How to Build a Winning

Let?s play a quick game of word association. What?s the first thing that comes into your mind when you hear the words Owinning team?O Whether you thought of the Bulls, Rockets, Raiders, Fred and Ginger, or Cheech and Chong, each answer had one very basic element in common ? chemistry. They just plain Oworked together.O If your practice is to be successful, you must obtain a group, including yourself, that Oworks together.O

Making your office a successful business and a pleasant place to work doesn?t happen by chance.

Howard Farran, DDS, FAGD

Let?s play a quick game of word association. What?s the first thing that comes into your mind when you hear the words Owinning team?O Whether you thought of the Bulls, Rockets, Raiders, Fred and Ginger, or Cheech and Chong, each answer had one very basic element in common ? chemistry. They just plain Oworked together.O If your practice is to be successful, you must obtain a group, including yourself, that Oworks together.O

You?re probably thinking, OWell, Howard, that?s a real no-brainer, but many dentists I?ve encountered are employing the wrong mix of people. Worse yet, they are doing all the hiring themselves without ever consulting their Oteammates.? They may talk about a winning team, but they seldom allow their staff to be a part of the decision-making process when hiring their coworkers.O Relationships are developed on an emotionally based set of criteria. Relationships can?t be measured in qualitative terms.

It all starts with you

What do you want? You?re the leader! You set the standards. Without an idea of where you?re going, you?ll never get there. So start defining your goals. What market are you going after? Is your practice in a blue-collar, Delta-carrying city where Ford Escorts dot the roads? Then offering laser tooth whitening not covered by insurance may not be the wisest choice for your office. Do your homework. Check out the competition and then define your market segment.

How much money do you want?

The amount of continuing education you receive will directly correlate with the amount of income you can generate. Do you want to earn an additional $70,000 in income next year? Then get down to business and earn your FAGD. No matter what market segment you choose, you will be able to perform better with tools that allow you to work faster, easier, and more efficiently. That?s what continuing education does for you. You tell your children to get good grades in high school so they can go to college, don?t you? Then obviously you must value the advantages that higher education can bring.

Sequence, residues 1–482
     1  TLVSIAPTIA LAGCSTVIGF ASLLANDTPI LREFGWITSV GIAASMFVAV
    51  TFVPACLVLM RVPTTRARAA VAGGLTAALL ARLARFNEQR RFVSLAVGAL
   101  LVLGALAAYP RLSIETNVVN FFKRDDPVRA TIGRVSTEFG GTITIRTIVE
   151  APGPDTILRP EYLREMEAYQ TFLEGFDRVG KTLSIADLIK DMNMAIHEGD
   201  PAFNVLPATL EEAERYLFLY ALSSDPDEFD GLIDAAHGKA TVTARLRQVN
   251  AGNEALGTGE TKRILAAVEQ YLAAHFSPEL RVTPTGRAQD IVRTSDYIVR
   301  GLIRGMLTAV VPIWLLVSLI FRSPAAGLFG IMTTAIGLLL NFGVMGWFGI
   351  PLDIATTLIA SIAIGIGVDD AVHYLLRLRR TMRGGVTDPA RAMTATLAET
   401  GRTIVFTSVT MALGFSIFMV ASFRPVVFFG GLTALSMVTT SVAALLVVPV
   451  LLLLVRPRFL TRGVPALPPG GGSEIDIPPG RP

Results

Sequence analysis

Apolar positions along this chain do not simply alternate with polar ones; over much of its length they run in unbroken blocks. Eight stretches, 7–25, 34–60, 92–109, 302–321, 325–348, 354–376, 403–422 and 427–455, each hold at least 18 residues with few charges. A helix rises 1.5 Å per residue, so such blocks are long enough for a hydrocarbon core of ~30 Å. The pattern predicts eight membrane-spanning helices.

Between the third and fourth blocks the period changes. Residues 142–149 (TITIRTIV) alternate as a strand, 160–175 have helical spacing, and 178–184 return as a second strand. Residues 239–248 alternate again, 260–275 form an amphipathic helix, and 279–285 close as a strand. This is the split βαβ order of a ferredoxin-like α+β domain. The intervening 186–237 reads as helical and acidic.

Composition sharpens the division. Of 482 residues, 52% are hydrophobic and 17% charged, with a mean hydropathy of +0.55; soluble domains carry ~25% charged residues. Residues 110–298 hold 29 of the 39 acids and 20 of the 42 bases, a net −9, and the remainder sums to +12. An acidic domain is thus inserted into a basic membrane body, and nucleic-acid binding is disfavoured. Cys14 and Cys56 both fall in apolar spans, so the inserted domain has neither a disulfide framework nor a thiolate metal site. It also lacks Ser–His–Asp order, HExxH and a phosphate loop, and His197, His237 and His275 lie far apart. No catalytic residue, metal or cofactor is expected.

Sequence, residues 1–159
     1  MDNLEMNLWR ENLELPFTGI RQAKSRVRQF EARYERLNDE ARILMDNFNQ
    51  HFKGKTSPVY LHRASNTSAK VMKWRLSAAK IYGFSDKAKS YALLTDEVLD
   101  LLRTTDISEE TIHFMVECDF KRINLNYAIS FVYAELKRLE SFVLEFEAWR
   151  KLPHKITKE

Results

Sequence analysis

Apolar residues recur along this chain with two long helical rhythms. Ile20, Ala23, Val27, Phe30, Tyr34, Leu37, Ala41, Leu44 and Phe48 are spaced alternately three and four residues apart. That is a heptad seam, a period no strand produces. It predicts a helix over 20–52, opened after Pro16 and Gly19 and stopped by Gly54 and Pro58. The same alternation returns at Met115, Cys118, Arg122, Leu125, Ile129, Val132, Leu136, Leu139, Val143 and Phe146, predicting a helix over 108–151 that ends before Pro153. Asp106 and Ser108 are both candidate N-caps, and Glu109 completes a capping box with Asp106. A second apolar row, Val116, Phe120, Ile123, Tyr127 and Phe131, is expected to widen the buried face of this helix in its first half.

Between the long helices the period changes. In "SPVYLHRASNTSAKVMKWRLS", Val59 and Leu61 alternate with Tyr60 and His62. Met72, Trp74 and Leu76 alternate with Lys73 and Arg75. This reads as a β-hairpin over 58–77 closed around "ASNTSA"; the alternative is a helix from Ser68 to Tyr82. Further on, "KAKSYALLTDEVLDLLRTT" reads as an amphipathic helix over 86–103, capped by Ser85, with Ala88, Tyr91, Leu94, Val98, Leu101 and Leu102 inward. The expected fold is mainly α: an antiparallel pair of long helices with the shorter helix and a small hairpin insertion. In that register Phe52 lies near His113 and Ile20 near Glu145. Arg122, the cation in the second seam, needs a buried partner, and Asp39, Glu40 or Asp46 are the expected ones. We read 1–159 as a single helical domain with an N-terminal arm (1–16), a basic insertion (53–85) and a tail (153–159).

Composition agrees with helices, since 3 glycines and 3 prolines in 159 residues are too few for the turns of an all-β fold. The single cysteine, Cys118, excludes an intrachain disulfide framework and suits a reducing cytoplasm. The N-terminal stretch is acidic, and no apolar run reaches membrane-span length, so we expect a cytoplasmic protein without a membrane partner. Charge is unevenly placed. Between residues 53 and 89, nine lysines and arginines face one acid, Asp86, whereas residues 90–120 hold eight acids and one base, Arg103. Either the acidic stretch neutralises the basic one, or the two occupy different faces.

Be a copycat

If you really want to be rich, read everything you can about billionaires and how they earned their riches. Read novels about Rockefeller, Gates, etc., and adopt their thinking. You don?t have to reinvent the wheel E just understand the principles that extremely successful people live by and adopt them.

Today?s consumer

Consumerism today is based on a Oone eye in the mirrorO philosophy. This is the age of me, me, and me. Understand what motivates people and you will build your practice. Patients want convenience. They want you to be able to fulfill their needs. Do it and you will be successful.

Get a game plan

Let?s say you use a standardized Olist? of requirements to hire a new employee. By the way, that Ostandardized? list is called a job description and you absolutely need a different one for every position on your team, not just one set of criteria. Michael Jordan played a different position than Dennis Rodman. Both were on the same winning team. Both (on a good day for Rodman) showed up for the same game. Even though the team similarities were numerous, when they were on the court, each had a specialized task to perform. How do you know how your team is growing if you don?t have a yardstick to measure their individual accomplishments?

Before you develop job descriptions, you need a game plan. Who does what, why, when, and where? Even if you?ve hired Oexperienced? people who have worked in dental offices before, they haven?t worked in your office, nor have they worked with your team yet.

Relationships rule

The single-most important element of a winning team is relationships. Unfortunately, relationships are non-qualitative entities. They are based on commonalties and sheer emotionalism. So how are you going to build relationships when you, the owner, do all of the interviewing and hiring? It?s like performing an arranged marriage. In theory it should work, but it usually doesn?t. Get your existing employees involved. Value their opinions. If they still work for you, then you should trust their judgment. The interaction between employees is what will make or break your team. Your staff members may be highly qualified and experienced, but if they don?t get along, don?t like each other, and don?t have anything in common, believe me, you?re swimming upstream. When you decide to hire another assistant, have your existing assistant involved with the interviewing and decision-making process. It?s a win-win situation. They?ll feel extremely valued and you?ll have people working together that actually like each other.

People are like pigeons

If you hire someone from out of town, who has absolutely no family or existing relationships in the area, what will you gain? Hopefully, a good employee. However, if you hire a qualified person from your area, whose entire family circle and friends live five miles away from the office, you will be able to network with all of their existing relationships. Take advantage of personal synergy!

Looking for talent?

Name three people you think are talented. Are these people general, run-of-the-mill, average types? Most likely they?re not because true talent is generally found in non-conformists, dissenters, and rebels. Can you say Rodman or Charles Barkley? Don?t be afraid of hiring someone you wouldn?t want to marry. Get rid of prejudicial emotionalism. If the person?s experience matches your criteria and your staff likes him/her, then hire that person! If you?re a bit squeamish, put him/her on a 60-day probation, or ask him/her to give you a working interview and see how he/she mixes with the team for a few days. I?ve hired extremely qualified people into my practice that the team initially liked. After a few days, things changed, and we started the interviewing/hiring process all over again. Don?t be afraid of making a mistake. The only mistake is keeping people on your team that don?t mix well with others.

Creative ways to find new talent